Step 2 is necessary because of potential circular foreign key dependencies preventing some tables from being dropped (see the previous section for a deeper explanation).
Step 6 is necessary for two reasons:
  1. Allowing commit() would break test isolation by leaking database changes to other tests
  2. Allowing the session to close would mean that any changes made between requests within a single test would be rolled back
Finally, a couple reminders:
  • Remember to point the connection URI to a dedicated testing database so you don't lose development (not to mention production) data
  • When testing on MySQL, use InnoDB tables since MyISAM doesn't support transactions

Putting it to practice with Flask and py.test

I developed this testing method to run unit tests on a new, mid-sized Flask based web app of mine that had to use MySQL as its data store for compatibility with an older version. I've also recently migrated from nose to the wonderful py.test testing framework.

The following code is a generic testing example, adapted from my application's test suite. It works with a single-db configuration, but could be adapted to a multi-db configuration. I've tested it against MySQL 5.5, PostgreSQL 9.1 and SQLite 2.6.0.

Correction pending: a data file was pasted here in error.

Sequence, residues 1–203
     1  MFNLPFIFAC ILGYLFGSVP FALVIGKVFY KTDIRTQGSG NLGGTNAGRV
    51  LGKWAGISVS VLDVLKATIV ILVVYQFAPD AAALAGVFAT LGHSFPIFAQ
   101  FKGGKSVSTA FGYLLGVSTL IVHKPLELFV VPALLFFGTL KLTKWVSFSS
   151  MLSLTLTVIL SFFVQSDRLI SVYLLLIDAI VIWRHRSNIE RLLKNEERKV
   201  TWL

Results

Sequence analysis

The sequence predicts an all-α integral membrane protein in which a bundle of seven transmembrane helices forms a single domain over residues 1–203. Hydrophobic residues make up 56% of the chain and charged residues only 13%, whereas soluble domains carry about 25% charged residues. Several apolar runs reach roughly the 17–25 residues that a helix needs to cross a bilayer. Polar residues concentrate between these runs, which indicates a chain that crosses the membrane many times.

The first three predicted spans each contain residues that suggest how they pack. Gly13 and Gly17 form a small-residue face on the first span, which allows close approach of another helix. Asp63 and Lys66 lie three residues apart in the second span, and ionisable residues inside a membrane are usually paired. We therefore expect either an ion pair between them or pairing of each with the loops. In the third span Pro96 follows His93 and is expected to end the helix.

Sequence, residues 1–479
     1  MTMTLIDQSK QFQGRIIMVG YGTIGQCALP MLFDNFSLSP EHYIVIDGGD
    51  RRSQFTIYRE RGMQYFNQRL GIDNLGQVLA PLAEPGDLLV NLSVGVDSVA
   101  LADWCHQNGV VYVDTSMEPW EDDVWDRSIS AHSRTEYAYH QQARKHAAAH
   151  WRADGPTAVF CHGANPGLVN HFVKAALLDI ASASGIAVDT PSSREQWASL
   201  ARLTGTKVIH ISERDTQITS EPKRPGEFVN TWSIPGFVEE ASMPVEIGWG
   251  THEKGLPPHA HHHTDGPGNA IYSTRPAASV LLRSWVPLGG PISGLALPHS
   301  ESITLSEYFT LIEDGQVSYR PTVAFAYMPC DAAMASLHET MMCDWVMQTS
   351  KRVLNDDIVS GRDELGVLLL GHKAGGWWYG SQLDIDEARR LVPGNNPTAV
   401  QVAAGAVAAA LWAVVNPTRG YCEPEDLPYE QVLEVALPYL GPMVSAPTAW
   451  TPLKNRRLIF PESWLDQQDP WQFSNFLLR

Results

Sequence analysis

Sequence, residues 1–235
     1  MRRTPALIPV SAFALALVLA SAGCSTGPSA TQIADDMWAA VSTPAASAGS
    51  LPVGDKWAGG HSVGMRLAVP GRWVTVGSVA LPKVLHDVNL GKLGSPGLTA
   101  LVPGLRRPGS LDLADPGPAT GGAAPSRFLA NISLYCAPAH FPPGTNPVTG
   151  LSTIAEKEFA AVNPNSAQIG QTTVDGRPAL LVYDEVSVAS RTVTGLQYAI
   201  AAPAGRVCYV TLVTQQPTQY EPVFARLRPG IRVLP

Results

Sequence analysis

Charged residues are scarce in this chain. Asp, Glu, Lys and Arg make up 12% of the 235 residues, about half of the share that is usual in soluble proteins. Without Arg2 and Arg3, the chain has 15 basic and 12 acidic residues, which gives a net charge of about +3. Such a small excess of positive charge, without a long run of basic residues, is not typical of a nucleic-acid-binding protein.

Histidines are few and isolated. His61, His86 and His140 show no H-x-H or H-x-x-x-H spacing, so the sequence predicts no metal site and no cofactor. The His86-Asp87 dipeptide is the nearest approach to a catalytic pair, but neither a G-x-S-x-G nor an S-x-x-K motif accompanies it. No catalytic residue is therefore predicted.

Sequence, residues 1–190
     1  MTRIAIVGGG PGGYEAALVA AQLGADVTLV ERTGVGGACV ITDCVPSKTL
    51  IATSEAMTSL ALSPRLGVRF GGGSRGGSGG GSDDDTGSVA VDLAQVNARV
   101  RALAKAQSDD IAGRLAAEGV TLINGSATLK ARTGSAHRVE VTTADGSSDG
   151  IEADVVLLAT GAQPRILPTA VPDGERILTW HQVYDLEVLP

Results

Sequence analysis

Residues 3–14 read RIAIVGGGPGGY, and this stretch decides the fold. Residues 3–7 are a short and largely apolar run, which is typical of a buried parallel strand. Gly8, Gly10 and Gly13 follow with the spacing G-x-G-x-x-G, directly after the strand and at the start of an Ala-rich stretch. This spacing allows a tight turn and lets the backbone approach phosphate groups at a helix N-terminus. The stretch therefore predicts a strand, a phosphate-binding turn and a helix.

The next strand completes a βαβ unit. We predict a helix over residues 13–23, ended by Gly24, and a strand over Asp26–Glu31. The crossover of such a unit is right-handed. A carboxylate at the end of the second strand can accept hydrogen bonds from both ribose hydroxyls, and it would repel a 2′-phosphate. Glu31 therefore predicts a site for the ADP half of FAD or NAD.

It should be mentioned that I experimented with applying the faster method (based on nested transactions) but my test suite ran only 0.6 seconds faster with it and the approach required a whole different code path on several fixtures so I decided to drop it.

from sqlalchemy.schema import MetaData, DropConstraint
import pytest

from yourapp import db, create_app

def app(request):
    return create_app()

@pytest.fixture(scope='session', autouse=True)
def setup_db(request, app):
    # Clear out any existing tables
    metadata = MetaData(db.engine)
    for table in metadata.tables.values():
        for fk in table.foreign_keys:

    # Create the tables based on the current model

    # Add base data here
    # ...

def dbsession(request, monkeypatch):
    # Roll back at the end of every test

    # Prevent the session from closing (make it a no-op) and
    # committing (redirect to flush() instead)
    monkeypatch.setattr(db.session, 'commit', db.session.flush)
    monkeypatch.setattr(db.session, 'remove', lambda: None)

def test_example(app):
    with app.test_client() as client:
        response = client.get('/some/path')
    assert response.status_code == 200
    assert db.session.query(Foo).count() == 5

Saturday, November 9, 2013

10 common stumbling blocks for SQLAlchemy newbies